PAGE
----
1. Develop a profile of the physical and medical condition of American youth today and in the future. Characterize youth, using scientific literature that offers insight into their anthropometric characteristics, fitness, nutrition, medical, and mental health status. Evaluate demographic trends in light of existing and potential physical and medical standards for military service.

  2. Examine the changing nature of work generally and the new demands placed on the military in the post–cold war era, using the work of the NRC’s Committee on Techniques for the Enhancement of Human Performance: Occupational Analysis as a point of departure. Review the literature on the physical requirements of military jobs. Consider the implications of current and projected trends in work as they impact approaches to selecting youth with appropriate health status and physical abilities.

  3. Review the literature on the predictive validity of medical and physical selection standards for training and job performance in the military and in the civilian population. Gather evidence on the utility of such standards from experimental and observational studies.

  4. Develop policy options. Consider a full range of personnel options for ensuring that recruits are healthy and fit for military service, including greater coordination of standards and measurement procedures among the military services, changes in the physical and medical standards applied to recruits, changes to the measures used to implement the standards, methods of validating standards, and changes in training to accommodate recruits selected under new standards.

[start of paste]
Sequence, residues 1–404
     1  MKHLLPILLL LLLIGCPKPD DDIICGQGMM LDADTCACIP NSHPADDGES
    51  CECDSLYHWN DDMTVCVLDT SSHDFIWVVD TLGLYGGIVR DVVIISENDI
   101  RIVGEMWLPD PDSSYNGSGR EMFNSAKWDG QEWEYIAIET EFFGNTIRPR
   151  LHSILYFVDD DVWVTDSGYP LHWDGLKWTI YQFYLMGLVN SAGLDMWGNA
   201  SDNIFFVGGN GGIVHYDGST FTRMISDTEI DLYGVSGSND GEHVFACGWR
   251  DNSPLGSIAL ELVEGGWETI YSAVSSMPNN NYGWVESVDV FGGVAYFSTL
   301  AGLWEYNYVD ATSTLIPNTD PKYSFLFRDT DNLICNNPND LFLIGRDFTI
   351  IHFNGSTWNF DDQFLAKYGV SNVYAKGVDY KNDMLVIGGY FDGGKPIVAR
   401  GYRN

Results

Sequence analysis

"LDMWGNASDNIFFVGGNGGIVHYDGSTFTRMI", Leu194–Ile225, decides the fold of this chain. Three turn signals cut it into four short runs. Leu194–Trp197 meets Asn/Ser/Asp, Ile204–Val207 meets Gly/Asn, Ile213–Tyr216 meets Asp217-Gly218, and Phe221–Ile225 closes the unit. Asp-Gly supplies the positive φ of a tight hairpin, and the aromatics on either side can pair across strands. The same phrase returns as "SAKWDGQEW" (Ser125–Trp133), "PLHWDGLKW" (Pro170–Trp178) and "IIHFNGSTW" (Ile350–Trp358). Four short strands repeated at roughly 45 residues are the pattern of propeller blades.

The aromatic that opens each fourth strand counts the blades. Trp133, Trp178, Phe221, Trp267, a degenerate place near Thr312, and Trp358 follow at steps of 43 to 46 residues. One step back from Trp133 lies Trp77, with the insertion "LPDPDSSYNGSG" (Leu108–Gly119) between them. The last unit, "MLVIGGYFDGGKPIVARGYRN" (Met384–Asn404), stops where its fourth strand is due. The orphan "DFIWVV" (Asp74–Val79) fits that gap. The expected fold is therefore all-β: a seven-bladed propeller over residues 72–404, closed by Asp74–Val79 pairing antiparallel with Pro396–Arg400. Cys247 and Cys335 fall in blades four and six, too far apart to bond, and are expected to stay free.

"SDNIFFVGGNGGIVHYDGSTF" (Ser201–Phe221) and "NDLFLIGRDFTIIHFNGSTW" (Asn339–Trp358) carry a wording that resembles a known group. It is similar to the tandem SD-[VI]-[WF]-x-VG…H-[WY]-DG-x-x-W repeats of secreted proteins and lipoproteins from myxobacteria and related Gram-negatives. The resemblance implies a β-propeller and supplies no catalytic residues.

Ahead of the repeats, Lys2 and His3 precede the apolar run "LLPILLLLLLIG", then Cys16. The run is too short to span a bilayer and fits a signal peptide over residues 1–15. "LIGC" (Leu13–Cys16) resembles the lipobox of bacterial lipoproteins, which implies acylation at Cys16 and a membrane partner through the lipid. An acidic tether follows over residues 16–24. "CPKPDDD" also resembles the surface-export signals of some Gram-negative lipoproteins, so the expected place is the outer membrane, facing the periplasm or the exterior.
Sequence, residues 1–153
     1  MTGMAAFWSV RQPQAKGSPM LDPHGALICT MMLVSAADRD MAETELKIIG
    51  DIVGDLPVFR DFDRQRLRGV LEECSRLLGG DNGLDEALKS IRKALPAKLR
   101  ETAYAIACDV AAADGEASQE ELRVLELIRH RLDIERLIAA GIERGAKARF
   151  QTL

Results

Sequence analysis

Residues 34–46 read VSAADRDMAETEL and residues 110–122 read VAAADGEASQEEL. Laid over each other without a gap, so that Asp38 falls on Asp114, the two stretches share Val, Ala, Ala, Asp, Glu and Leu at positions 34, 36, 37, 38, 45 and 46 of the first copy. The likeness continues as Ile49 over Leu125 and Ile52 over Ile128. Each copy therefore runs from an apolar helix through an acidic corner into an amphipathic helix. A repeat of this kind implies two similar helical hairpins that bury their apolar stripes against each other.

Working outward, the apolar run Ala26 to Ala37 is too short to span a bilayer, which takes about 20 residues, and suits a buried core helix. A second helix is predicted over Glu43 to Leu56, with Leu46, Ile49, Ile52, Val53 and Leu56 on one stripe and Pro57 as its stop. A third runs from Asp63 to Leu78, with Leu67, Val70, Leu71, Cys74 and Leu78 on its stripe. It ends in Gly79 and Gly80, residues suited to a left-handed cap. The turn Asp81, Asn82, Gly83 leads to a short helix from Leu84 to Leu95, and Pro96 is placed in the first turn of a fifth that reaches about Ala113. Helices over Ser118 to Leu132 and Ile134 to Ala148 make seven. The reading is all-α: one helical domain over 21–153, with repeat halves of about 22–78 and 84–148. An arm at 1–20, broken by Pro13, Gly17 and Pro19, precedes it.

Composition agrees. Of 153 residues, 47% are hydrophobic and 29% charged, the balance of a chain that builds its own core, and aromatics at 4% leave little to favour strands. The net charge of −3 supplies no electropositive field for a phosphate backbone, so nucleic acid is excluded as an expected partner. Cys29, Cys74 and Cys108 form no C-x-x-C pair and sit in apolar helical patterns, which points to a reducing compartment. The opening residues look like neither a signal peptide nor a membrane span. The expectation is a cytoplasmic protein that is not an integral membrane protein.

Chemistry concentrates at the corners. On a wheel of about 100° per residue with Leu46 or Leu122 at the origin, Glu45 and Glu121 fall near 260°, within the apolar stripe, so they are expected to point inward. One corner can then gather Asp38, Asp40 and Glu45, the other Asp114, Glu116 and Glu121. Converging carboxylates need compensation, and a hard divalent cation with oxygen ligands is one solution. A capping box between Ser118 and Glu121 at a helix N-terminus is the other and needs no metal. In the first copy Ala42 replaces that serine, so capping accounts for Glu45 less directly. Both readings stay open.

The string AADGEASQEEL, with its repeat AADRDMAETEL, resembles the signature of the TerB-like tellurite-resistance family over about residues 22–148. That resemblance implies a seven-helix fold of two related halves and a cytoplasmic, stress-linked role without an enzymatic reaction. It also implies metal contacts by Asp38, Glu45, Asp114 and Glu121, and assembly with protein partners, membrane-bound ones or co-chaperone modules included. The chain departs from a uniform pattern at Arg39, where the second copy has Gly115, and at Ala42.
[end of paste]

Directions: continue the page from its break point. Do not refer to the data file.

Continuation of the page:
5. Conduct a workshop on the physical requirements of military service. The workshop should provide a forum for discussions on methodological and substantive issues among committee members, DoD officials, and other experts.

The committee assembled to accomplish the charge is composed of experts in the areas of psychology, military personnel policy, military occupational analysis, military and occupational medicine, military sociology, obesity, physical fitness, chronic diseases, and mental health. Biographical sketches of committee members and staff are provided in Appendix D. In responding to the charge, the committee made a series of assumptions about the scope of the project and the key variables of interest.

The Committee’s View of the Project Scope

With regard to scope, three decisions guided the committee’s work. First, we decided to focus on American youth ages 18-24 as they relate to

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